Objective-C, just like C and C++, makes use of header files and implementation files. When a class is written in Objective-C, the standard approach is to create one of each of these files named after the class, suffixed with .h for the header file and .m for the implementation file. When you create a class, it might end up looking like this:

// EOCPerson.h
#import <Foundation/Foundation.h>

@interface EOCPerson : NSObject
@property (nonatomic, copy) NSString *firstName;
@property (nonatomic, copy) NSString *lastName;
@end

// EOCPerson.m
#import "EOCPerson.h"

@implementation EOCPerson
// Implementation of methods
@end

The importing of Foundation.h is required pretty much for all classes you will ever make in Objective-C. Either that, or you will import the base header file for the framework in which the class’s superclass lives. For example, if you were creating an iOS application, you would subclass UIViewController often. These classes’ header files will import UIKit.h.

As it stands, this class is fine. It imports the entirety of Foundation, but that doesn’t matter. Given that this class inherits from a class that’s part of Foundation, it’s likely that a large proportion of it will be used by consumers of EOCPerson. The same goes for a class that inherits from UIViewController. Its consumers will make use of most of UIKit.

As time goes on, you may create a new class called EOCEmployer. Then you decide that an EOCPerson instance should have one of those. So you go ahead and add a property for it:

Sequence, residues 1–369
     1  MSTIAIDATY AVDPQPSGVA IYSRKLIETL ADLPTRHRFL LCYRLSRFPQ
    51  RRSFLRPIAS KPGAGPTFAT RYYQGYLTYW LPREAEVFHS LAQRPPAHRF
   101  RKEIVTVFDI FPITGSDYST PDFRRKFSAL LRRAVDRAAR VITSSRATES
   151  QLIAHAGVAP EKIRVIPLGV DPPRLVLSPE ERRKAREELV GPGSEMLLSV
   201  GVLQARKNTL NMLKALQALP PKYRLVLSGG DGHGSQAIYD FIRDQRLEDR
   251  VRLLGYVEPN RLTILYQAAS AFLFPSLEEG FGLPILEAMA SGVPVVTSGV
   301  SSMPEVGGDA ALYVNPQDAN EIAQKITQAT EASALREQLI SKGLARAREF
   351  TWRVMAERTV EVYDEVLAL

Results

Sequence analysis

// EOCPerson.h
#import <Foundation/Foundation.h>

@interface EOCPerson : NSObject
@property (nonatomic, copy) NSString *firstName;
@property (nonatomic, copy) NSString *lastName;
@property (nonatomic, strong) EOCEmployer *employer;
@end

A problem with this, though, is that the EOCEmployer class is not visible when compiling anything that imports EOCPerson.h. It would be wrong to mandate that anyone importing EOCPerson.h must also import EOCEmployer.h. So the common thing to do is to add the following at the top of EOCPerson.h:

#import "EOCEmployer.h"

This would work, but it’s bad practice. To compile anything that uses EOCPerson, you don’t need to know the full details about what an EOCEmployer is. All you need to know is that a class called EOCEmployer exists. Fortunately, there is a way to tell the compiler this:

@class EOCEmployer;

This is called forward declaring the class. The resulting header file for EOCPersonwould look like this:

// EOCPerson.h
#import <Foundation/Foundation.h>

@class EOCEmployer;

@interface EOCPerson : NSObject
@property (nonatomic, copy) NSString *firstName;
@property (nonatomic, copy) NSString *lastName;
@property (nonatomic, strong) EOCEmployer *employer;
@end

The implementation file for EOCPerson would then need to import the header file ofEOCEmployer, as it would need to know the full interface details of the class in order to use it. So the implementation file would end up looking like this:

// EOCPerson.m
#import "EOCPerson.h"
#import "EOCEmployer.h"

@implementation EOCPerson
// Implementation of methods
@end

Deferring the import to where it is required enables you to limit the scope of what a consumer of your class needs to import. In the example, if EOCEmployer.h were imported in EOCPerson.h, anything importing EOCPerson.h would also import all ofEOCEmployer.h. If the chain of importing continues, you could end up importing a lot more than you bargained for, which will certainly increase compile time.